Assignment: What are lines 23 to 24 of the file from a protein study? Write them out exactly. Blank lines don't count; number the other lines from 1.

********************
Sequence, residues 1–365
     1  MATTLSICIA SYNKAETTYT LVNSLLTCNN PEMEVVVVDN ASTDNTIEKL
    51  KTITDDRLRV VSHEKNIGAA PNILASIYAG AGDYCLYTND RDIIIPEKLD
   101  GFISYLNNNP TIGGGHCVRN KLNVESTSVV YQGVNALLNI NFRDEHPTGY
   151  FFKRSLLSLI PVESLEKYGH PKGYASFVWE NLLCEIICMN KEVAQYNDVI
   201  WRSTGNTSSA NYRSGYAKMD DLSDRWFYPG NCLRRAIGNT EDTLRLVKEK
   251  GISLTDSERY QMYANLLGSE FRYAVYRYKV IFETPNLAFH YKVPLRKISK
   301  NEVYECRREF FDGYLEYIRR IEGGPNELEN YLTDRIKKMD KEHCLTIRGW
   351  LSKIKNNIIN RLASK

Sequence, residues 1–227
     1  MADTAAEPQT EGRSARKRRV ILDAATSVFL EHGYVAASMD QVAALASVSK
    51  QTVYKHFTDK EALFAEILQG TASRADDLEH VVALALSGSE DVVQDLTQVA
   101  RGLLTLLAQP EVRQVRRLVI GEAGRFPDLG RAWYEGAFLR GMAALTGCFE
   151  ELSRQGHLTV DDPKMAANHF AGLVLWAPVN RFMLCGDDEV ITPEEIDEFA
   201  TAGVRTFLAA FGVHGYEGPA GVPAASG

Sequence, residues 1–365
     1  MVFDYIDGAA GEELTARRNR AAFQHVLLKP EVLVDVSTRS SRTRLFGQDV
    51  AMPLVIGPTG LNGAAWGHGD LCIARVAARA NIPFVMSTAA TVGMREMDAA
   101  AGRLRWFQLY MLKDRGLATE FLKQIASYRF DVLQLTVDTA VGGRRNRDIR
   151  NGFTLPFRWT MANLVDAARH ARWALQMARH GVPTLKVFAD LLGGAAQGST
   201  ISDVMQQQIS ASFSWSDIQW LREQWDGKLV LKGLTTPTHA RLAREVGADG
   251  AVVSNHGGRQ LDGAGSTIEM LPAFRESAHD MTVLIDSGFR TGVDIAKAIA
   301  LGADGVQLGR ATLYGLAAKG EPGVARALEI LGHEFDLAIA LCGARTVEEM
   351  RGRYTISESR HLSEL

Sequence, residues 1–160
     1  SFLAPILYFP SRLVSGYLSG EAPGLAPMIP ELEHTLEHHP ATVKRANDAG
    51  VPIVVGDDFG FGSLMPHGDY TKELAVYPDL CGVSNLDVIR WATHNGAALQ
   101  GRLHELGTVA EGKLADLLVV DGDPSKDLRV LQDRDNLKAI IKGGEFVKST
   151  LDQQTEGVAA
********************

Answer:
   301  LGADGVQLGR ATLYGLAAKG EPGVARALEI LGHEFDLAIA LCGARTVEEM
   351  RGRYTISESR HLSEL